Live Review: Gorillaz Spreads Danceable Power at Pavilion

Surprise cameo by Carly Simon among guest features in English band's first Boston show in seven years


Gorillaz throws quite the sprawling house party onstage these days, a far cry from the virtual cartoon band created two decades ago by English artist Jamie Hewlett and Britpop musician Damon Albarn. It’s really grown into Albarn’s vehicle, yet he delights in bouncing around the stylistic map and inviting guests to share the ride.

When Gorillaz stormed Blue Hills Bank Pavilion on Wednesday as part of its first tour in seven years, Albarn fronted a 12-piece band that included six vocalists even without the guests, and included a hometown surprise for Boston.

Carly Simon emerged from her Martha’s Vineyard retreat to duet with Albarn on textural slow jam “Ticker Tape,” her feature from Gorillaz’s new album Humanz. And while she took a moment to find her pitch in the muddy sound that marred much of the otherwise invigorating two-hour show, Simon sounded more confident as the song built, asking the sold out crowd “Can I dance?” with a sway of her hips.

The tour’s other guests had an even easier time elevating the tent. Beyond the video representation by Grace Jones (in pixilated form) on “Charger” and Savages’ Jehnny Beth on “We Got the Power,” Chicago house pioneer Jamie Principle and rapper Zebra Katz levitated the dance groove of “Sex Murder Party.” R&B singer Pevan Everett put soul and sway into “Strobelite,” which sounded like an early ’80s Minneapolis funk jam (“This is our world, Boston!” Albarn shouted toward the song’s end). And rapper Vince Staples slid headlong into show-kickoff feature “Ascension” chanting “The sky’s falling, baby. Drop that ass before it crash.”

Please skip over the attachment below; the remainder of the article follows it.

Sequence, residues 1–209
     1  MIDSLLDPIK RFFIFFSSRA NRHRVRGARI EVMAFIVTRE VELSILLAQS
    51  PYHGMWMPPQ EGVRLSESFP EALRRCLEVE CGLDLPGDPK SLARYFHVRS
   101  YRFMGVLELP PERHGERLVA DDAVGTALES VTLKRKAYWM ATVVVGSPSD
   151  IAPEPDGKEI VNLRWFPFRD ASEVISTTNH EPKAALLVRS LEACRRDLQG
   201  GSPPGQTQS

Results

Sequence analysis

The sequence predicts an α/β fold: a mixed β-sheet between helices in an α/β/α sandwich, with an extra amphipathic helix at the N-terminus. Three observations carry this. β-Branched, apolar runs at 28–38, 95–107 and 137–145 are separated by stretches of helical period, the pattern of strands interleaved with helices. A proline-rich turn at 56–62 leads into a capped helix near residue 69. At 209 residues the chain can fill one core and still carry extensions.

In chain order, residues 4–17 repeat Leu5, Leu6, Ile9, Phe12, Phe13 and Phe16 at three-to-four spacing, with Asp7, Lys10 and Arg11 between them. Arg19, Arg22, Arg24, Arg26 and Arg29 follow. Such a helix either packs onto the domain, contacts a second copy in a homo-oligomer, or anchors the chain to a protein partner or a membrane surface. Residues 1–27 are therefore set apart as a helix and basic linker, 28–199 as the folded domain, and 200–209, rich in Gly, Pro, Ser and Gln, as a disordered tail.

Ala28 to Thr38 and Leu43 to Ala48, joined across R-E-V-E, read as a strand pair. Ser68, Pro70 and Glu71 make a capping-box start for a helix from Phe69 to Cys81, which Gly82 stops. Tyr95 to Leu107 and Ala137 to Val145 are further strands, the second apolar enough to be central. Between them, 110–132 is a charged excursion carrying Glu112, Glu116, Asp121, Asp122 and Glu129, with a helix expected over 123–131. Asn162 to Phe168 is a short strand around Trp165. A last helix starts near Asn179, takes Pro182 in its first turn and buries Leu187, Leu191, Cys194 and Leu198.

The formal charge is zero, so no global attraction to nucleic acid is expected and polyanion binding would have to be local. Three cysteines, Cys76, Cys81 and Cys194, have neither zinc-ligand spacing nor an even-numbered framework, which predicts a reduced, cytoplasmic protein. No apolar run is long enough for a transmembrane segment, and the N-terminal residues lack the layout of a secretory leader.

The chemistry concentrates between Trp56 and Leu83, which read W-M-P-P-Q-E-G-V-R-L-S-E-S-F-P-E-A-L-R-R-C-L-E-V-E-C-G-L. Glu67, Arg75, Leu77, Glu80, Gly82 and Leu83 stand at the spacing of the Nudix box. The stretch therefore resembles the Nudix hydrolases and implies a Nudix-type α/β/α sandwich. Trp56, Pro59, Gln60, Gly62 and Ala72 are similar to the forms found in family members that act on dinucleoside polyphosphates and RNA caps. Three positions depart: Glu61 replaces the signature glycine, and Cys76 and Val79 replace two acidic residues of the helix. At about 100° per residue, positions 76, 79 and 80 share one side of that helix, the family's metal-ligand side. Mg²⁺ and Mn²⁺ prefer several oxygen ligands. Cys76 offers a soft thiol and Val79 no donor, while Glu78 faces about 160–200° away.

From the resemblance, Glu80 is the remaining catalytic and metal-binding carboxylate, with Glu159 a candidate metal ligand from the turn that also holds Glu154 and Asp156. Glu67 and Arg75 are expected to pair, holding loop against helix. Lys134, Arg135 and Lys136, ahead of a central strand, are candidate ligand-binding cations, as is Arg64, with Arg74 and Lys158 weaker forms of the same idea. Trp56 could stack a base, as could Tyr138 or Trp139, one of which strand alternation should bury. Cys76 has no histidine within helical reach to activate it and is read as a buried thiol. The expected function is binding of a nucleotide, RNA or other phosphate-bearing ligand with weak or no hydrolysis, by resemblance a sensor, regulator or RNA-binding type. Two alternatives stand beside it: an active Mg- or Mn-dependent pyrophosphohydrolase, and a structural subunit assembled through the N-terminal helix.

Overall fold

The core band had the firepower to more than hold its own, even if the bass-heavy mix swallowed even sparser breakdowns. It’s not easy to keep a large group in sync — and a technical glitch in the percussion section prompted a do-over of “DARE,” where gospel backup voices rained over a percolating groove.

The comic characters which gave Gorillaz its initial mission occasionally appeared on the screen, most notably in a Road Warrior-like video with Bruce Willis. But this was ringmaster Albarn’s showcase for flesh-and-blood camaraderie. After the guitarist/keyboardist teased long melodica notes into the loping, dub-styled “Clint Eastwood,” where Albarn drawled about “sunshine in a bag,” Staples returned to stalk through a guest verse before heading for the stage wing. But he turned to watch Albarn, who made his way across the stage to engage the young rap star, who simply smiled and put his arm across the bandleader’s shoulder.

This tour might not have had the star power of Gorillaz’s 2010 jaunt with the Clash’s Mick Jones and Paul Simonon and the late Bobby Womack, but this crew was on the same page and having a ball, as was an animated Pavilion audience.

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